If you expect to play online, it isn’t your weapon but a hard heart and your skill that kills. If your killer instinct is not clean and strong, you will lag at the moment of truth. You will learn from Gunny. Gunny will teach you to hone your skills and be a true killing machine.
7. Best of all, it will be authentic.
In all seriousness though, the level of authenticity would rise with the inclusion of R. Lee Ermey into any game that has anything to do with war. Think of how real “Full Metal Jacket“ was because he took over the role of Gunnery Sgt. Hartman. This will happen to any game he’s included in.
UrselD: How did the Stan Lee cameo in the Marvel movies thing start?
Born Stanley Martin Lieber almost a century ago in 1922, the man who would become far better known by his pen name, Stan Lee, was born into a family of very modest means with Stan, his brother, and Romanian immigrant parents sharing a single room apartment in New York during the 1930s.
As Lee would recall, “I grew up in New York City during the Depression. My earliest recollections were of my parents, Jack and Celia Lieber, talking about what they would do if they didn’t have the rent money. Luckily, we were never evicted. But my father was unemployed most of the time. He had been a dress cutter, and during the Depression, there wasn’t much need for dress cutters. So I started working when I was still in high school. I was an office boy, I was an usher, I wrote obituaries for celebrities while they were still alive. Lots of jobs.”
Showing an interest in writing from his teens, Lee’s mother was his #1 fan at that time, “She thought I was the greatest thing on two feet. I’d come home with a little composition I had written at school and she’d look at it and say, “It’s wonderful! You’re another Shakespeare!” I always assumed I could do anything. It really is amazing how much that has to do with your attitude.”
Stan Lee in “Ant-Man and the Wasp.”
In 1939 at the age of 17, Lee landed a job with a company owned by his cousin, Jean Goodman’s, husband, Martin Goodman. The company was called Timely Publications. While the pay wasn’t much, a mere per week (about 7 today), it was potentially a path to a professional writing gig, though not quite the one he originally envisioned for himself.
When I got there, I found out that the opening was in the comic book department. Apparently, I was the only guy who had applied for the job. I figured it might be fun. So I became a gofer — there were only two guys, Joe Simon, the editor, and Jack Kirby, the artist. They were the creators of Captain America, and that’s what they were working on at the time. I would fill the inkwells, go down and buy lunch, and erase pages and proofread.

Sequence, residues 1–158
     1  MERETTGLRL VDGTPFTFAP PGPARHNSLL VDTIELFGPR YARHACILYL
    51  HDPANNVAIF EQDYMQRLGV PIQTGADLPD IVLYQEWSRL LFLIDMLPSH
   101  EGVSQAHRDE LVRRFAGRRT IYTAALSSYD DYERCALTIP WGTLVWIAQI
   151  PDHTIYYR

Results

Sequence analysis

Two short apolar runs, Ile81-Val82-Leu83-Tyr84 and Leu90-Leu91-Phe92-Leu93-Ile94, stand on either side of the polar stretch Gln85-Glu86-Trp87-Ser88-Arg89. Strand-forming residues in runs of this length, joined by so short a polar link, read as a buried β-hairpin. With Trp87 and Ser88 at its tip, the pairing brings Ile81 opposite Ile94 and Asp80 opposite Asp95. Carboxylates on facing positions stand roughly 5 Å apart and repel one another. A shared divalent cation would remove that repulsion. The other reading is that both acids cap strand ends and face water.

Two years into the job, he was finally granted a chance to write filler text in the 1941 Captain America #3 comic. Called, Captain America Foils the Traitor’s Revenge, the story, along with being warmly received by fans, introduced the idea of Captain America being able to throw and ricochet his trademark shield, now a defining aspect of the character. It was also the first comic in which Lieber, as he was then known, wrote under the pseudonym Stan Lee. According to Lee, he chose not to write under his then real name since he still hoped to one day write “proper literature” and had dreams of writing the “great American novel”. Thus, he didn’t want his name to be sullied by his work in comics.
Plans changed, however, when he randomly got a promotion to head editor of the comic department at just 19 years old.
[Simon and Kirby] were fired for some reason. Martin had no one to run the department. He said to me, “Can you do it?” I was . When you’re , what do you know? I said, “Sure, I can do it.” Martin must have forgotten about me, because he just left me there. I loved it. I was so young, it was sometimes embarrassing. Someone would come into the office and see me there and say, “Hey, kid, can I see the editor?”
At this point, in order to give the illusion of a large staff, Lee took to using a variety of other pseudonyms as well.
In 1942, a temporary editor was hired while Lee served in the US Army with the Signal Corps. He never saw combat, instead working at repairing communications equipment and later writing field manuals and military slogans as a part of the Training Film Division. Also in that division were the likes of Frank Capra, Theodor Geisel (Dr. Seuss), and the creator of The Addam’s Family, Charles Addams.
Despite being in the army, Lee still kept up with his work at Timely as best he could from afar, with weekly letters mailed to him explaining exactly what he needed to produce content for that week. Once he was done, he’d mail it back.
Lee’s service ended in 1945 and he went back to Timely full time.
It was two years later that Lee, with an awkwardness befitting a man who would come to create the characters nerds the world over would grow to love, Lee met and wooed his future wife.